The Sea of Tranquility by Katja Millay ( twitter )
Publication Date: June 4, 2013 (in paperback)
Publisher: Atria Books
Target audience: Mature young adult/adult
Keywords: recovery, trauma, high school seniors
Format read: ARC from NetGalley! (Thanks!)
Summary:Â TheÂ Sea of Tranquility connects two people who are living in their own voids of loneliness: Nastya, a girl who escapes to her aunt’s house and a new high school just to blend it and get through the day without being asked about her past and Josh, an emancipated high school senior who, by terrible twists of fate, has been left to fend for himself. When Nastya and Josh form an unexpected and unconventional friendship, the two are forced to remember and deal in ways they have avoided for a long time.
Katja Millay is a very talented, thorough writer. You can tell she has taken great lengths to fully understand the depths of her two characters, and even does this without jipping the secondary characters either (Drew and his momÂ are awesome).
We begin with two broken people, and piece by piece, come to discover why they are the way they are. Why does Nastya run all hours of the night? Why is she okay with dressing like an emo whore? Why does Josh find such solace in woodworking? And why does everyone at school treat him so differently? It’s rather unlikely that these two characters would find much in common but somehow they do, even if it takes a little work to get there. And then a little more work after that.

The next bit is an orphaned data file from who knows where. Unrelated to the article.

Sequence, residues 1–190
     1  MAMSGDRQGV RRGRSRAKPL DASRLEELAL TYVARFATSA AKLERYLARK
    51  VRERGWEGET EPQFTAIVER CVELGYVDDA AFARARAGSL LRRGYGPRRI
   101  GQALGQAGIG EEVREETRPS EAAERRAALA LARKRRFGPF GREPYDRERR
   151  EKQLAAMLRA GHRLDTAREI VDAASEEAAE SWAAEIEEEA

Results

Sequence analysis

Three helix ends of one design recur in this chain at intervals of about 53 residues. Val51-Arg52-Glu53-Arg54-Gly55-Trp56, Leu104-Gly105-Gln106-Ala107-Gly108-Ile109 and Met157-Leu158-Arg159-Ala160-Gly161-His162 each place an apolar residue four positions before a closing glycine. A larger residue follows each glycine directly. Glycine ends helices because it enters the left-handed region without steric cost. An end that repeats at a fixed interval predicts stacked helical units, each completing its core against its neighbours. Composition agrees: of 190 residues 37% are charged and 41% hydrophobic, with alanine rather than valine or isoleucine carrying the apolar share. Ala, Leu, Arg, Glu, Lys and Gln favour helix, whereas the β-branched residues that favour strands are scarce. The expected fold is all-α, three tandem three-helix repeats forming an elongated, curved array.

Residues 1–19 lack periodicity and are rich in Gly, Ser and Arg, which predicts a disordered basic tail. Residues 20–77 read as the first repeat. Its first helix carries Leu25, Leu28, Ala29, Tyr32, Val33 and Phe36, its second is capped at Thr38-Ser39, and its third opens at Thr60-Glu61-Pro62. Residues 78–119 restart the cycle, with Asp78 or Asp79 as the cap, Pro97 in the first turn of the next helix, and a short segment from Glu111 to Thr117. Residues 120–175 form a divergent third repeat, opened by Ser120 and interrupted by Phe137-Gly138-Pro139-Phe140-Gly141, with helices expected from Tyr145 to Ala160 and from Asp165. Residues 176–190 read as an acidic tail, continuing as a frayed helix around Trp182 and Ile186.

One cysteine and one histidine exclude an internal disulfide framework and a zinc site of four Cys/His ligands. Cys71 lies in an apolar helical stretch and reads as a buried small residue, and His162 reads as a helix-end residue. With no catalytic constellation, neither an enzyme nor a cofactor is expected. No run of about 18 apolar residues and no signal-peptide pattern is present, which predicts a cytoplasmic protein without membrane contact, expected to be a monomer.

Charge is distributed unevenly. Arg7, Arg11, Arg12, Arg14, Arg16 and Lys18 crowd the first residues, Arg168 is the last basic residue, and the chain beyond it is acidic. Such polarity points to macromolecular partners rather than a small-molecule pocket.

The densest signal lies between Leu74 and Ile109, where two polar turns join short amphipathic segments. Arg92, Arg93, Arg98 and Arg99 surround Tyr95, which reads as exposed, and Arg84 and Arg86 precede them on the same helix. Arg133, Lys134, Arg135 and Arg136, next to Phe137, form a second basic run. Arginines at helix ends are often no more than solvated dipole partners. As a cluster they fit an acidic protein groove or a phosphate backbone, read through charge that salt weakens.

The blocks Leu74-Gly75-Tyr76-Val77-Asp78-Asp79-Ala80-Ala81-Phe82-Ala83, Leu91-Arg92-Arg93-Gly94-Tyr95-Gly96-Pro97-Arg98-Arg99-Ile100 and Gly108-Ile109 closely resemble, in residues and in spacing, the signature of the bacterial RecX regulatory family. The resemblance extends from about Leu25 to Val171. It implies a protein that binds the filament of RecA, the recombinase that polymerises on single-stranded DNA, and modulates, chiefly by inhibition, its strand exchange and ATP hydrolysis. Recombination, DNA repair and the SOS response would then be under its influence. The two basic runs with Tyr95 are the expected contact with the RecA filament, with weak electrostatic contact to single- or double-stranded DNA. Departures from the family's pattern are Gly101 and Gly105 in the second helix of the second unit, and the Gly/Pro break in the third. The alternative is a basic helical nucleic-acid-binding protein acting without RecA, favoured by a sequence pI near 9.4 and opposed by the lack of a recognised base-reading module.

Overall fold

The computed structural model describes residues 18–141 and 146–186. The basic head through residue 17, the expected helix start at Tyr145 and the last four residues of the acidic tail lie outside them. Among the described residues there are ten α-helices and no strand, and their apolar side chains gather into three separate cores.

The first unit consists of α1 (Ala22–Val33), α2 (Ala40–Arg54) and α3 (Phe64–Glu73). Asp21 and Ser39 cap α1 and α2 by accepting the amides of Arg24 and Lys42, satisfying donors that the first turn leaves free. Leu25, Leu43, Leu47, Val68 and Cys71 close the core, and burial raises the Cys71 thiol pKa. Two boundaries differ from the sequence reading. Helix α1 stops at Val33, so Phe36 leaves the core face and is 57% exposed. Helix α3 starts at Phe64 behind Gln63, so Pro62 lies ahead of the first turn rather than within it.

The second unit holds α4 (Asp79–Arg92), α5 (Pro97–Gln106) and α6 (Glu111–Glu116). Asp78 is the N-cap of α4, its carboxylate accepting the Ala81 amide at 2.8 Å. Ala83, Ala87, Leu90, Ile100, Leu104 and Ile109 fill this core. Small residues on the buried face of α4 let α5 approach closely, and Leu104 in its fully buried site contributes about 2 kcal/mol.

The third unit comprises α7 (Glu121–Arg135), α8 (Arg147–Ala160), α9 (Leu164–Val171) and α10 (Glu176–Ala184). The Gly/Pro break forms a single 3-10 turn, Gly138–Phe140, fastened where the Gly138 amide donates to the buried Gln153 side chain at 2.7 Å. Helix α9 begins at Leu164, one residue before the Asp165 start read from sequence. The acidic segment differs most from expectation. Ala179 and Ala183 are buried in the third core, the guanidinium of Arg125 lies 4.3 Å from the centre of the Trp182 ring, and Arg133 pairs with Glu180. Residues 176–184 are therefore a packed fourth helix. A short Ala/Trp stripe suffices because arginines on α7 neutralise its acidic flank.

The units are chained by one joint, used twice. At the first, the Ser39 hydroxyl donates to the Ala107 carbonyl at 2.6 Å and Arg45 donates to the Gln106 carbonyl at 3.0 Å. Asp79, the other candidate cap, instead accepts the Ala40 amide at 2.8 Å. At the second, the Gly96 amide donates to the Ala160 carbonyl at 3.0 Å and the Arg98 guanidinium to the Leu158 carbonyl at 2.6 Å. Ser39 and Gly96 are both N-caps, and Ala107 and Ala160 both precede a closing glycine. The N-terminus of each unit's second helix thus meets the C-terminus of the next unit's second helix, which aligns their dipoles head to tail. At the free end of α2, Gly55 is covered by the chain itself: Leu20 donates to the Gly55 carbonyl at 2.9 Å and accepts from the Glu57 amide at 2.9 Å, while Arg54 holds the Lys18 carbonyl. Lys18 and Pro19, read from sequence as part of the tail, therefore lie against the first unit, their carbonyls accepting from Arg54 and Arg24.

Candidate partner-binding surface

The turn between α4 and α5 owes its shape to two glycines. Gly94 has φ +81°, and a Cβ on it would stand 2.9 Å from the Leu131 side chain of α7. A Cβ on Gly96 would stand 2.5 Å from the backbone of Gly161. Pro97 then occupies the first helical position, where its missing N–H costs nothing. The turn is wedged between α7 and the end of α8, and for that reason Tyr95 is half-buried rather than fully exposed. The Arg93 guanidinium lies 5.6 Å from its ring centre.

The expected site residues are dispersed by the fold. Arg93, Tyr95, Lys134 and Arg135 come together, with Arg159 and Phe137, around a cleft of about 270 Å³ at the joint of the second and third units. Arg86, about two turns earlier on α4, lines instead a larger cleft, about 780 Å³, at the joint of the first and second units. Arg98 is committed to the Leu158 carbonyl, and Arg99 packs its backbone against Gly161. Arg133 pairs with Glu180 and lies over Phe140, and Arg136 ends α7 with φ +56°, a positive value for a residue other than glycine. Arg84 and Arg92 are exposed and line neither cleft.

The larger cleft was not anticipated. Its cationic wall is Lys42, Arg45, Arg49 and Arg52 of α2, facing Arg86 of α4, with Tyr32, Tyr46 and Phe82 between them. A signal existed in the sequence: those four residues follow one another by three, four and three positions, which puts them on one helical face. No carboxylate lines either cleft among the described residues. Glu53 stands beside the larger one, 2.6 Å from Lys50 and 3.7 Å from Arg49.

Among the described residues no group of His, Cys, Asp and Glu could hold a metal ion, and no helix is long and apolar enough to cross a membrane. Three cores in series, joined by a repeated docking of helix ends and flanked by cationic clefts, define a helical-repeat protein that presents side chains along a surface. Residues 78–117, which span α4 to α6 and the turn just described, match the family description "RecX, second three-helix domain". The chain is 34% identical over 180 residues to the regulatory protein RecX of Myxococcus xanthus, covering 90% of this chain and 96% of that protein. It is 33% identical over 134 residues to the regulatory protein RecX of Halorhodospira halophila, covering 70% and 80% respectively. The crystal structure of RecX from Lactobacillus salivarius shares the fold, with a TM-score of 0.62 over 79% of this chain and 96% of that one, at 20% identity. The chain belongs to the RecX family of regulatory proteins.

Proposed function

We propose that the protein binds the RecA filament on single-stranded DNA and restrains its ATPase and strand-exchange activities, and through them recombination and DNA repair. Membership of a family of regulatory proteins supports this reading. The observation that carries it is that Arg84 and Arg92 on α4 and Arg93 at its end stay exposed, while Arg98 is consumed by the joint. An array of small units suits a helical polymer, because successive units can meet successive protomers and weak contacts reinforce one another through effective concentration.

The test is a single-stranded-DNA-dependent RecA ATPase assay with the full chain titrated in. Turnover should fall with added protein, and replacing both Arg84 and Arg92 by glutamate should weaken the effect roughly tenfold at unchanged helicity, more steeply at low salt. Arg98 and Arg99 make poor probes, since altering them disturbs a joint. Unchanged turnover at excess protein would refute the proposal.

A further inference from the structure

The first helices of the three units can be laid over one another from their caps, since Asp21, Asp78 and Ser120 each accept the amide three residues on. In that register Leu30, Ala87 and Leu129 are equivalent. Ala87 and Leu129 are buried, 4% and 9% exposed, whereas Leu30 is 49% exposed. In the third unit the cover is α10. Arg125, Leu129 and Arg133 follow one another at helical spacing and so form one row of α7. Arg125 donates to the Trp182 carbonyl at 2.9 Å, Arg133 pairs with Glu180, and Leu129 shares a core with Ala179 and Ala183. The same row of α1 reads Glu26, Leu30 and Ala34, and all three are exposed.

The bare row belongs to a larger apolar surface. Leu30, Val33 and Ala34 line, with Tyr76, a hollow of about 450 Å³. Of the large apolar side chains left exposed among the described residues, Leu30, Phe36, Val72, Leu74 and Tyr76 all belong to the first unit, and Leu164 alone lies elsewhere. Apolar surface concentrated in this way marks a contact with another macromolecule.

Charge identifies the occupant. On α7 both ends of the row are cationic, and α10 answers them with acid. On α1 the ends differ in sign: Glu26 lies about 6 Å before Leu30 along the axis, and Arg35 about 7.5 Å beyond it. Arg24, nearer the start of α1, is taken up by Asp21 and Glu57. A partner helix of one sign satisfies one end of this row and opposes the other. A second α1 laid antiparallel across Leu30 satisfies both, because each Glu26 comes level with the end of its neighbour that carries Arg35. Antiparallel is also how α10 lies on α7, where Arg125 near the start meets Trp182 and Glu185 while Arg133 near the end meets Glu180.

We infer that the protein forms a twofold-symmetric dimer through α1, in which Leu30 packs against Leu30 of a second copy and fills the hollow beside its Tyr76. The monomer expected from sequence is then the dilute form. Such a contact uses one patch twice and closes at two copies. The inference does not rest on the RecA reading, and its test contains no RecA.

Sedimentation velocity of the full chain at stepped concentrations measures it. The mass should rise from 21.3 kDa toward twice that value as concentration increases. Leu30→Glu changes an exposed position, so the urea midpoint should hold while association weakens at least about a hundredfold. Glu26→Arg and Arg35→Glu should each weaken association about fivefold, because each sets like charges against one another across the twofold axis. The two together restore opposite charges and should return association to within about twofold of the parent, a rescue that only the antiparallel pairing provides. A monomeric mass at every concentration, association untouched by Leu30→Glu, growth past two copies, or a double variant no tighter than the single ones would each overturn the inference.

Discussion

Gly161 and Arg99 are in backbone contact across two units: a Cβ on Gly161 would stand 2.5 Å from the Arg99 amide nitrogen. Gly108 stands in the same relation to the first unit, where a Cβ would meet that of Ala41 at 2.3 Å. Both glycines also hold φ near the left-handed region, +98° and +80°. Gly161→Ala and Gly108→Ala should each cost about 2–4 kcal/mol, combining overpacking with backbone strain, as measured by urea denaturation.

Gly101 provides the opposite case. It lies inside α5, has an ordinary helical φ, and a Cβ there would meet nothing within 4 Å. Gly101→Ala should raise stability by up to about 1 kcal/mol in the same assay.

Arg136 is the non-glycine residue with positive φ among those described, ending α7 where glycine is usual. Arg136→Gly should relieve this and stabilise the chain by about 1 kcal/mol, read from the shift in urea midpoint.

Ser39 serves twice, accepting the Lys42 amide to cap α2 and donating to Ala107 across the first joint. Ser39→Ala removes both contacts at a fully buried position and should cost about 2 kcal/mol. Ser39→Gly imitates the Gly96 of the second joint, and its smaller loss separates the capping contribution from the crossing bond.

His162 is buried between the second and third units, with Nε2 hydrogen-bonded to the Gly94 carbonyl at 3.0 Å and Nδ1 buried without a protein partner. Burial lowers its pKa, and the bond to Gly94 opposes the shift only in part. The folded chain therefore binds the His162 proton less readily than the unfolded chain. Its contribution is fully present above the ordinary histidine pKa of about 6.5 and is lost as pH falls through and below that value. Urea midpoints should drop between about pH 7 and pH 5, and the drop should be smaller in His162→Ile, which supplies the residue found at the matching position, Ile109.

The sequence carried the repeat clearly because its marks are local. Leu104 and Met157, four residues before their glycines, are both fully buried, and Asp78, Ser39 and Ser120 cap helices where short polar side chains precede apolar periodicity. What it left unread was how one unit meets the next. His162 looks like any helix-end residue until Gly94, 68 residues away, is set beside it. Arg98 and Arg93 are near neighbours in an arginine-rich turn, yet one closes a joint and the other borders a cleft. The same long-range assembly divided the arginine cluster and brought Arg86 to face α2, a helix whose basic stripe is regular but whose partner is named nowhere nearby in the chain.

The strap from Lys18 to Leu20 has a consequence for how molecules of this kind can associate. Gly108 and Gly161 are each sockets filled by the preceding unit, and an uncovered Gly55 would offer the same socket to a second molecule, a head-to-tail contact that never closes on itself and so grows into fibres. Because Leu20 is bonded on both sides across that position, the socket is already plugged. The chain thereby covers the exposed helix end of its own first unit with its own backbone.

Nothing comes easy in TheÂ Sea of Tranquility. For me, it took three false starts before I could get into the flow, and even then, I found myself working through the book very slowly. Until there was this beautiful, delicious bubble of Josh and Nastya forming thisÂ languidÂ bond of domesticity that I could not get enough of. A certain aspect of Nastya’s character really helped create this intimate chemistry between the two, and I so loved what they did for one another.
Unfortunately, the story veered off track into more of a dramatic realm when more and more tragedy piled up on the character’s plates, as well as a happenstance moment that occurs all too perfectly later in the book. Even Nastya’s voice didn’t always fit her dark thoughts or her actions, and felt a bit romanticized. Don’t get me wrong — Millay created an intriguing story with interesting characters but there was just so much jammed on the page that it had me questioning itsÂ believabilityÂ instead of feeling more for the characters.
Still there is something about this title that is so addicting. Whether it’s how kind of great Josh is or Nastya’s playful but steady friendship with their shared best friend, Drew. Then there’s the mystery (what event led to Nastya’s current behavior), which leads to the ultimate question: can two people who have faced such hardships overcome and begin again?
It’s a rocky road from start to finish, but I’m ultimately glad The Sea of Tranquility put Millay on my radar.
Sidenote: I believe this book is being marketed as “new adult” for more mature themes (drugs, sexuality, violence) but I am more confused by this designation than I was before. All the main characters in this novel are seniors in high school, and I’ve read various books where there has been equal amount of drugs,Â sexuality, and violence. (Daisy Whitney’s The Mockingbirds for example.) So what makes this story in particular NA exactly?